Explained : Does AFSPA Give Total Immunity To Armed Forces For Killing Civilians?

Sneha Rao

6 Dec 2021 5:15 AM GMT

  • Explained : Does AFSPA Give Total Immunity To Armed Forces For Killing Civilians?

    The death of at least 14 civilians in Nagaland on Saturday evening as a result of the action of the Armed Forces has brought back into focus the controversial Armed Forces (Special Powers) Act, 1958. The Act which came into force in the context of insurgency in the Northeastern States decades ago provides "special power" to the Armed Forces applies to the Army, the Air Force and the...

    The death of at least 14 civilians in Nagaland on Saturday evening as a result of the action of the Armed Forces has brought back into focus the controversial Armed Forces (Special Powers) Act, 1958. The Act which came into force in the context of insurgency in the Northeastern States decades ago provides "special power" to the Armed Forces applies to the Army, the Air Force and the Central Paramilitary forces,etc. 

    Do the "special powers" granted under AFSPA gives total immunity to the armed forces for any action taken by them? Are human rights considerations invalid if action taken under the law is in question? To understand the interplay between human rights and AFSPA powers one must understand the "special powers" that AFSPA grants.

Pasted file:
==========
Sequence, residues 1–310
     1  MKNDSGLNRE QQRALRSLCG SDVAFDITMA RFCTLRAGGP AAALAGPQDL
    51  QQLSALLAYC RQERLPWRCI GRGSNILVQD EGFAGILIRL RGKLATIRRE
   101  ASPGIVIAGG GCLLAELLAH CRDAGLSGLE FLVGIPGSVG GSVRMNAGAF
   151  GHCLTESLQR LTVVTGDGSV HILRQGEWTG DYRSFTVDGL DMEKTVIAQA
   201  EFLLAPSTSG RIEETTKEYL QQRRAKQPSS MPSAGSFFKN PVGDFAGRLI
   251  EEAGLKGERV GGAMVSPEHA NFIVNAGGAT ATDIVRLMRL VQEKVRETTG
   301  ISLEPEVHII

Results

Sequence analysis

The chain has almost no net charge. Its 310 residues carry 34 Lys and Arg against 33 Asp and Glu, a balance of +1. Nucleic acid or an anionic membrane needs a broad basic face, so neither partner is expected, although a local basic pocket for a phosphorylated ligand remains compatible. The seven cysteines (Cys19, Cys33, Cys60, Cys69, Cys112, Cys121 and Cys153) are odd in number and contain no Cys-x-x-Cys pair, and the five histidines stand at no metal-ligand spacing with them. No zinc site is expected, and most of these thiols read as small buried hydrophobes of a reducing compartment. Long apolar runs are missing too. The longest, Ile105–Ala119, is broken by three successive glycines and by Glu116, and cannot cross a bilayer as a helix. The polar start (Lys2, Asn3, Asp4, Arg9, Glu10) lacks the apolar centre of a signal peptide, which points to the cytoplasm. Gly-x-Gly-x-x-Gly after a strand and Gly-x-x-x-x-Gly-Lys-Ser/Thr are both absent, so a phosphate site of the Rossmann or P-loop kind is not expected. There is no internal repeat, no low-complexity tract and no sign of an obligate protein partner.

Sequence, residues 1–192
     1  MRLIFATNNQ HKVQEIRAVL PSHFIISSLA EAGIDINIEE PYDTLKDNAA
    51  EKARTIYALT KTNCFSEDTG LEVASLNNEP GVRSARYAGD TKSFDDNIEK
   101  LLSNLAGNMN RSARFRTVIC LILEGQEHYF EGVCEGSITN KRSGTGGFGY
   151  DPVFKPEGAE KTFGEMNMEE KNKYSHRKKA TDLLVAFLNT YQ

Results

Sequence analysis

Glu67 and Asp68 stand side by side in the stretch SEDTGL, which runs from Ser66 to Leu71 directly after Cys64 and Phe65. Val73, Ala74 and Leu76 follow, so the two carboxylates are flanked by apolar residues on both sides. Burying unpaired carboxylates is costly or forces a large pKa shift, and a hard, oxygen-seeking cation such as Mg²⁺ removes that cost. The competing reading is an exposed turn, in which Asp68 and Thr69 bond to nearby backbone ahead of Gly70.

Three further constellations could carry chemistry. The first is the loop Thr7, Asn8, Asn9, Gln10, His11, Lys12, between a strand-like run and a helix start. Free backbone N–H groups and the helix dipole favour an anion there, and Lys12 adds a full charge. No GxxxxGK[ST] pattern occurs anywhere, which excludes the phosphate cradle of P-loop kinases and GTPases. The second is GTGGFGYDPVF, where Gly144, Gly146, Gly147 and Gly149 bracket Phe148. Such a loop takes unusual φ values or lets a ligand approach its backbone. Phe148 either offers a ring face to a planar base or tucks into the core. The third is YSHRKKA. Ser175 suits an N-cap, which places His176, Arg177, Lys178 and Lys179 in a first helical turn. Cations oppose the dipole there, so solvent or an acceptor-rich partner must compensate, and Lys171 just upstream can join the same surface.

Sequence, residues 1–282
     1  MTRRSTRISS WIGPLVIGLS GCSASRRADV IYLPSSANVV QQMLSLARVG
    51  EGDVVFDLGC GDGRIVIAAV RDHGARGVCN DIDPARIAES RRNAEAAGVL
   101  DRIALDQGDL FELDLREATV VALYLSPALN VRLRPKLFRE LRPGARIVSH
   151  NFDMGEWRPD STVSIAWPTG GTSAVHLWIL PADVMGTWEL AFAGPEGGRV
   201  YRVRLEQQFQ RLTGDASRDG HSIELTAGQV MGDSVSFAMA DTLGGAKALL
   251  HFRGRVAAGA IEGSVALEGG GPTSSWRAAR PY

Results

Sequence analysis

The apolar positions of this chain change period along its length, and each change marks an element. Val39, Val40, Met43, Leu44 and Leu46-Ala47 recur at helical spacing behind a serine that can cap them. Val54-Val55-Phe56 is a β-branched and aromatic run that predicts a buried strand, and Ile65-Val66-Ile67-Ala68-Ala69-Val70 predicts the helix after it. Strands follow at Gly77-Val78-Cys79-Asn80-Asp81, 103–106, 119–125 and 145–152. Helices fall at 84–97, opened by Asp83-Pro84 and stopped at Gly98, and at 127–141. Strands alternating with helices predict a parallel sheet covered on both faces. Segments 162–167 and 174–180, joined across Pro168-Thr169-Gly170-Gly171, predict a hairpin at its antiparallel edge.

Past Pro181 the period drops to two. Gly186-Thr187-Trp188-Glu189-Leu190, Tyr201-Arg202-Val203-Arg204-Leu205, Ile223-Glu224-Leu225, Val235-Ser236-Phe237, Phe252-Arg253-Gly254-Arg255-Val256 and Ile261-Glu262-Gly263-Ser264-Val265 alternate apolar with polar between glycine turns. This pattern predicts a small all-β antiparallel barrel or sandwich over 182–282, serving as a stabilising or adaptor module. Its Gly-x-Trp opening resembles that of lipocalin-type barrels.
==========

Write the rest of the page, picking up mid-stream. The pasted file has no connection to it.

Armed Forces (Special Powers) Act, 1958

    Armed Forces Special Powers Act, to put it simply, gives armed forces the power to maintain public order in "disturbed areas." AFSPA gives armed forces the authority use force or even open fire after giving due warning if they feel a person is in contravention of the law. The Act further provides that if "reasonable suspicion exists", the armed forces can also arrest a person without warrant; enter or search premises without a warrant; and ban the possession of firearms.

    The 'special powers' which are spelt out under Section 4 provide that:

    (a) Power to use force, including opening fire, even to the extent of causing death if prohibitory orders banning assembly of five or more persons or carrying arms and weapons etc are in force in the disturbed area;

    (b) Power to destroy structures used as hide-outs, training camps or as a place from which attacks are or likely to be launched etc;